We’re heading into two weeks (or possibly…two months? two years?) of the kids at home. It’s called Christmas Break, as if it’s a break from learning.
But that’s just our Puritan Work Ethic talking — the idea that if something is fun, it is a pause from our real job, which is to always be hard at work on something tough, unpleasant or boring.
We sure are hard on ourselves. And our kids.
So try this little thought experiment: Think back on the time you spent “just playing” as a child. Did you get anything out of it?
The social-emotional skills kids get through play
Psychologists and pediatricians say it is in free play – play that isn’t for a coach or a trophy, play where kids come up with something to do and then do it, without adult direction – that they learn:
How to “read” someone
How to get buy-in
In fact, play is SO fun that kids will work on those critically important skills (the self-control, focus, etc.), just so they can HAVE fun. Building those skills is a means to an end.
Kids are born to play
In fact, Mother Nature installed the “play drive” for the same reason she installed that other drive – the drive to reproduce: BOTH are critical for the species to continue.
(In fact, play makes you into the kind of person someone would want to reproduce WITH.)
Well…left turn here: Think of Yellowstone National Park for a sec. As Playworks founder Jill Vialet explained to Let Grow, about 100 years ago, Park Rangers killed off all of Yellowstone’s gray wolves, because they were preying on the cattle allowed to graze there.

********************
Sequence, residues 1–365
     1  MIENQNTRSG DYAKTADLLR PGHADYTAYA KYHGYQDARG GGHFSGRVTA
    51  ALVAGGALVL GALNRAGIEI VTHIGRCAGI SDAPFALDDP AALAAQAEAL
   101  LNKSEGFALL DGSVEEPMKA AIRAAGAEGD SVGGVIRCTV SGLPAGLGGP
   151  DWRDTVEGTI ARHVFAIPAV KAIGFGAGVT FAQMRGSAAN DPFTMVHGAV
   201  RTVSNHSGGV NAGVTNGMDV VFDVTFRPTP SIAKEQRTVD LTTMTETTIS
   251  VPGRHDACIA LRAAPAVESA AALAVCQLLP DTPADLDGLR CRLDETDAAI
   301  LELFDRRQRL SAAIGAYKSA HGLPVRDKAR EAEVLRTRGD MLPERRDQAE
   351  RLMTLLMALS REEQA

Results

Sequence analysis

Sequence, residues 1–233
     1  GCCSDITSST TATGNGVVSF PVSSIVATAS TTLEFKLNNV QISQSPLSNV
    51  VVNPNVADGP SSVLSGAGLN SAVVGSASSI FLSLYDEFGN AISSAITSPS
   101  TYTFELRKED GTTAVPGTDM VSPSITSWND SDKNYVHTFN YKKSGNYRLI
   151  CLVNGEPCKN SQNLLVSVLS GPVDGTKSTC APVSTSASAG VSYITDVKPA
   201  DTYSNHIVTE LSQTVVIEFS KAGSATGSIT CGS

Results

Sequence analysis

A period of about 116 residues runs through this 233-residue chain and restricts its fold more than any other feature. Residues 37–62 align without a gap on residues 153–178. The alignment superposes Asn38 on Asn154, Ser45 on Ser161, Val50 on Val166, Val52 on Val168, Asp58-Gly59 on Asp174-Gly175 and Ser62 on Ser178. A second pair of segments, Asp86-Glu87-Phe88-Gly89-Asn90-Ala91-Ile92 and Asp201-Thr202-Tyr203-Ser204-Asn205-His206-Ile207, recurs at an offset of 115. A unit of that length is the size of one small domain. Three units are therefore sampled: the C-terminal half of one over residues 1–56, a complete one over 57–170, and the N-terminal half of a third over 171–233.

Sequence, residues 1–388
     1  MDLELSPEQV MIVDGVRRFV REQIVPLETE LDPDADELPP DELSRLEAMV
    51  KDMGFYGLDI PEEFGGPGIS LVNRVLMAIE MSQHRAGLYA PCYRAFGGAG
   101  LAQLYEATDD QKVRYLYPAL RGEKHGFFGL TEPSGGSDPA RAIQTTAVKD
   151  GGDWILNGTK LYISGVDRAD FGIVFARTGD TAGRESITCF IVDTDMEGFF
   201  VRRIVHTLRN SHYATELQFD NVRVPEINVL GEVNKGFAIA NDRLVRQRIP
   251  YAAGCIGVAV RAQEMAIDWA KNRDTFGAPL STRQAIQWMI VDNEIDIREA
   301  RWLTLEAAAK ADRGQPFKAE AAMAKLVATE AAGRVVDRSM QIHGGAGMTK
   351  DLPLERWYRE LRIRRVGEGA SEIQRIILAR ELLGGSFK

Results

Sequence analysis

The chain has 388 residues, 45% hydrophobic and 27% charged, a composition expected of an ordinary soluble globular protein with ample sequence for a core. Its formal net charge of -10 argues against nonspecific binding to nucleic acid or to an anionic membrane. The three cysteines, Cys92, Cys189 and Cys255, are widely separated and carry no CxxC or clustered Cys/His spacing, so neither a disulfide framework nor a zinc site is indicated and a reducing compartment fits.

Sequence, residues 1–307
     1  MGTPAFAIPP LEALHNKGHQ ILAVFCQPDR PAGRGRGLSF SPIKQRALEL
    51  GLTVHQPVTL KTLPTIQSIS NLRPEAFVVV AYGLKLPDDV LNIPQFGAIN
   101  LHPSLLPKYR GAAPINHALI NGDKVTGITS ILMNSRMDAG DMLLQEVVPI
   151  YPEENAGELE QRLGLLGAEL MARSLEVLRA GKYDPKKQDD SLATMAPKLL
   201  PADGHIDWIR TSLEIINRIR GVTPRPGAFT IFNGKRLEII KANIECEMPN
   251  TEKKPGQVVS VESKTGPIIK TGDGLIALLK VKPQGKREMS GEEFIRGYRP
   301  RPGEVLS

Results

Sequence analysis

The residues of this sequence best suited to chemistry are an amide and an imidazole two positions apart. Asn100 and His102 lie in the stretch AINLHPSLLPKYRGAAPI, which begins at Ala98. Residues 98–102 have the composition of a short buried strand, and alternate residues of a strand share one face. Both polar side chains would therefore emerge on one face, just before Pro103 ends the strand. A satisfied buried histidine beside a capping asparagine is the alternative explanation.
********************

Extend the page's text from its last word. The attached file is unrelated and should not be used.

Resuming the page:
But without the wolves, the elk and deer population exploded and the entire ecosystem collapsed. Plants and animals, even bugs were dying off. Scientists finally figured out that gray wolves are a “keystone species.” Without them, the whole system falls apart.
All work and no play makes Jack a dull, depressed and socially stunted boy
Play is the keystone species of childhood. Without enough of it kids get anxious, out of shape, depressed, lonely, bored, desperate, and dumb. In play, their minds have to be always-on, nimble. Think of how much planning and self-control goes into a game of hide-and-go-seek. It’s like a master class in strategic thinking.
So play is not the opposite of learning. It is learning all the stuff you NEED to SUCCEED.
Christmas break is a chance for kids to catch up on these “other” lessons. And I’ll bet you’ve got some cardboard boxes they can use for homework.
P.S. Here is what Let Grow Co-Founder Peter Gray writes about play (in case you need a heavyweight weighing in!):
Perhaps the most important function of the culture of childhood is to teach children how to get along with peers. Children practice that constantly in social play. To play with another person, you must pay attention to the other person’s needs, not just your own, or the other person will quit. You must overcome narcissism. You must learn to share. You must learn to negotiate in ways that respect the other person’s ideas, not just yours. You must learn how to assert your needs and desires while at the same time understanding and trying to meet the needs and desires of your playmate. This may be the most important of all skills that human beings must learn for a successful life. Without this ability it is not possible to have a happy marriage, true friends, or cooperative work partners.